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New report finds that policy-making across Canada scores low on transparency of evidence usage

In a new report, titled “Eyes On Evidence III: An assessment of the transparency of evidence usage across provincial policy announcements,” Evidence for Democracy (E4D) evaluated over 100 policies issued by the governments of Ontario, British Columbia and Saskatchewan to determine whether the public can find and understand the evidence used to make policy decisions.
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For more information, contact:

Caitlin Fowler
Senior Research Associate, Evidence for Democracy
Phone: 613-282-9219

Ottawa – Similar to earlier work examining federal policies, E4D found that provincial policies scored low on the transparency of evidence usage, meaning that it is difficult for people across Canada to find the evidence behind government policy.

“Our Eyes On Evidence series asks the question: can the evidence behind policy decisions be found by the public?” said Dr. Caitlin Fowler, a Senior Research Associate at E4D. “We began, in Eyes on Evidence II, by looking at federal policies, which scored low on the transparency of evidence usage in all ten of the departments and agencies we evaluated. But in Canada, policy-making is distributed across federal, provincial, territorial and municipal jurisdictions, as well as Indigenous self-government. This is why we turned our attention to the provincial level next.”

E4D’s provincial assessment found that policies often failed to mention the evidence used to make a decision, let alone provided a reference or citation for any evidence mentioned. Almost all policies scored poorly in the testing and evaluation section (i.e., to determine how and when a policy has worked) of E4D’s transparency framework, and rarely explored the merits of alternative policy options, or acknowledged any absent, weak or contradictory evidence. In particular, policies from the Government of Saskatchewan scored very poorly.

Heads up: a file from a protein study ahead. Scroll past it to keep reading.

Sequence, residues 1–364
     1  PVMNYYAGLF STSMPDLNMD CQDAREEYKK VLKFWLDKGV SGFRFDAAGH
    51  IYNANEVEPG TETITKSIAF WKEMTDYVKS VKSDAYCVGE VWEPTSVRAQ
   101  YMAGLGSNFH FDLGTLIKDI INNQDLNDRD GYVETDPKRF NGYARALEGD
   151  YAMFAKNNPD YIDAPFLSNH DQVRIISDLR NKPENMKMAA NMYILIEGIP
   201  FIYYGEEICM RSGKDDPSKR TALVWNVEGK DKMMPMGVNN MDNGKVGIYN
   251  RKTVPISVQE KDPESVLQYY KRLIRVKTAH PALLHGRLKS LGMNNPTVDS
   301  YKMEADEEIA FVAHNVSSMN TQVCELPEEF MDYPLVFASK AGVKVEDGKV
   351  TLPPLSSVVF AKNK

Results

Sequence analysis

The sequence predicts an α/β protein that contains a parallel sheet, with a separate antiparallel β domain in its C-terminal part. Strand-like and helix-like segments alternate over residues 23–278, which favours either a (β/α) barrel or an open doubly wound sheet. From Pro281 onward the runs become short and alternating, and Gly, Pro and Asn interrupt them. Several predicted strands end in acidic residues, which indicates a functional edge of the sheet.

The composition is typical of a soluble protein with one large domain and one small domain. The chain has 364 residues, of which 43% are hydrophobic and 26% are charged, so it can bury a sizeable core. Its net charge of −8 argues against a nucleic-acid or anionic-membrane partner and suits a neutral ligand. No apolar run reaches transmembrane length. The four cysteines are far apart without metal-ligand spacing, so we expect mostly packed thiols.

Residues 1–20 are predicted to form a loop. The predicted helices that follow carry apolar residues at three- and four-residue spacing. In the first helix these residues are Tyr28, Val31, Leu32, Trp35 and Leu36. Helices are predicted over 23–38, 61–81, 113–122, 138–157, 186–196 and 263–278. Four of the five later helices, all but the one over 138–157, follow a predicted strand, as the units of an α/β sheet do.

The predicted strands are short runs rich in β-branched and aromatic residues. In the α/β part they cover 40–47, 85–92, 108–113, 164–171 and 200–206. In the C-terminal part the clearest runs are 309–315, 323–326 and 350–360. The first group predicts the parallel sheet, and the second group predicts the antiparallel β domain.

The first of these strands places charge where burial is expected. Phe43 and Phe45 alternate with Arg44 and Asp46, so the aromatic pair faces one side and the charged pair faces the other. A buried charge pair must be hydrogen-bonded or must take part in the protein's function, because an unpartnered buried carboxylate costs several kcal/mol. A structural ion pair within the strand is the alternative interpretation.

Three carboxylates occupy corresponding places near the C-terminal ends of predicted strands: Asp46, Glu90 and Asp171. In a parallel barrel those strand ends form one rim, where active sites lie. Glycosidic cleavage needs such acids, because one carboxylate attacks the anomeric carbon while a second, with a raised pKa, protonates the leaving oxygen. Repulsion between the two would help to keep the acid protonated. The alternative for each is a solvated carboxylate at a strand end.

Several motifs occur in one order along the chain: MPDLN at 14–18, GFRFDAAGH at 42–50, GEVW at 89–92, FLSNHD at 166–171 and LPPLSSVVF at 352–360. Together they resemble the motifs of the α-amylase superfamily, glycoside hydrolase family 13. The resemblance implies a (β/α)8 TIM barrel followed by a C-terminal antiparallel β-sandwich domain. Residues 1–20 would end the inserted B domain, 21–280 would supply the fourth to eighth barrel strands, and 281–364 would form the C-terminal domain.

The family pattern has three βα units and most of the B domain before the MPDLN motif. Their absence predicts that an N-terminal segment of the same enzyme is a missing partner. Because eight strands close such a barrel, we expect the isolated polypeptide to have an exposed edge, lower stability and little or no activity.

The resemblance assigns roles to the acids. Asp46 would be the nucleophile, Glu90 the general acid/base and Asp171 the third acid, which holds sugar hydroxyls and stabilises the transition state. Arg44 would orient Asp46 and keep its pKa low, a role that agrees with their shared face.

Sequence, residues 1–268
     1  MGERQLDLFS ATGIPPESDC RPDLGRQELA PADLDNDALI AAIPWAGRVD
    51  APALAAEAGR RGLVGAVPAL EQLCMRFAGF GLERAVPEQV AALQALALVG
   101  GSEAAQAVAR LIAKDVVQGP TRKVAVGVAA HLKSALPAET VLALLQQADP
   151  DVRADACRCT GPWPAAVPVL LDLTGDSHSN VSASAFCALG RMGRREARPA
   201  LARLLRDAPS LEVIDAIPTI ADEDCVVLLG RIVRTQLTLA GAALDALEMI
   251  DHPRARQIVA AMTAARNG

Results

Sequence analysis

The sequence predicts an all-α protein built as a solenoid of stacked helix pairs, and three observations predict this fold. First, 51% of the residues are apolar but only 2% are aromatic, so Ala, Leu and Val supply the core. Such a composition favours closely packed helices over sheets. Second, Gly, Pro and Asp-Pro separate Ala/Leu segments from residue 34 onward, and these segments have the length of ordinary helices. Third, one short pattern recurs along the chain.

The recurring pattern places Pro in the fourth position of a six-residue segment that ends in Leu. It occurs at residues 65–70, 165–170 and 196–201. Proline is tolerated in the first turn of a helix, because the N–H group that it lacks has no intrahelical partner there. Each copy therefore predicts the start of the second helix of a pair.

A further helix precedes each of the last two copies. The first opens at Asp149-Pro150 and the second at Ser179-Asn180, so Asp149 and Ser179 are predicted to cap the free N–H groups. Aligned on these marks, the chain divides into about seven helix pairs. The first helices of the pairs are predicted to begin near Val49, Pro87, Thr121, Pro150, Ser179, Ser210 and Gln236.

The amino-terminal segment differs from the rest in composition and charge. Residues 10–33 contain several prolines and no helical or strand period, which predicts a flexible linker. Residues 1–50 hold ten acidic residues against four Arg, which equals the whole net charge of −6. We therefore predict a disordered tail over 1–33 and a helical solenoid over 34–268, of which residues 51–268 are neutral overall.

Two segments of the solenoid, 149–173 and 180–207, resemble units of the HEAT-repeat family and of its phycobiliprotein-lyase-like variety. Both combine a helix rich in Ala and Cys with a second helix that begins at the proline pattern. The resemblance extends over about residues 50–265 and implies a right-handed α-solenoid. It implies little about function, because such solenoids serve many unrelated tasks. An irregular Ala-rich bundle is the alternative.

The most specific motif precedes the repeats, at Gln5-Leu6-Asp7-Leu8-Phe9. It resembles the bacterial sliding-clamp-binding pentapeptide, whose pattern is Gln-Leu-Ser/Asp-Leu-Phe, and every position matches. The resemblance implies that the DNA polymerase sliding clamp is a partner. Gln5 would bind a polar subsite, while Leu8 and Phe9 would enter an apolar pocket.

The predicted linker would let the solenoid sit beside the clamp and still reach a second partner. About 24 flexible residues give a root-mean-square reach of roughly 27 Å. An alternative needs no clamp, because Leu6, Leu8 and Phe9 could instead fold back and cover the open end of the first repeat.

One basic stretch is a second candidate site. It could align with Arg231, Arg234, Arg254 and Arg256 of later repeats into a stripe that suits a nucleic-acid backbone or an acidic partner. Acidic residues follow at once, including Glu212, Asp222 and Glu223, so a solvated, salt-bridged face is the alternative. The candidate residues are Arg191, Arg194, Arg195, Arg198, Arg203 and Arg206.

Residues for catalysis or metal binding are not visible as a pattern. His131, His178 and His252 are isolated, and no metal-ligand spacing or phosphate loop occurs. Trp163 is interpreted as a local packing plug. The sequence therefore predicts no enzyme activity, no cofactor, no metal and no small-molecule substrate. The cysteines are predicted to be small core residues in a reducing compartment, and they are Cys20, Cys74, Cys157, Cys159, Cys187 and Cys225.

The COVID-19 pandemic has highlighted the power and peril of the many interconnected governments within a federated system. When evidence is made transparent in policy-making, the public has the opportunity to scrutinize the relationship between evidence and public policy and consider whether they agree with the decisions shaping their lives.

“We all benefit when governments make policy decisions informed by the best available evidence. In fact, virtually every policy issue that our elected representatives face can benefit from evidence, especially as we consider the complexity of the ever-growing challenges we must confront as a society,” said Dr. Vanessa Sung, E4D’s Interim Executive Director. “Asking for transparency in policy-making may be ambitious, but communicating the evidence used to make policy decisions shouldn’t just be a bonus added on when time and resources permit. We must place evidence at the heart of public policy.”

Read the full report.

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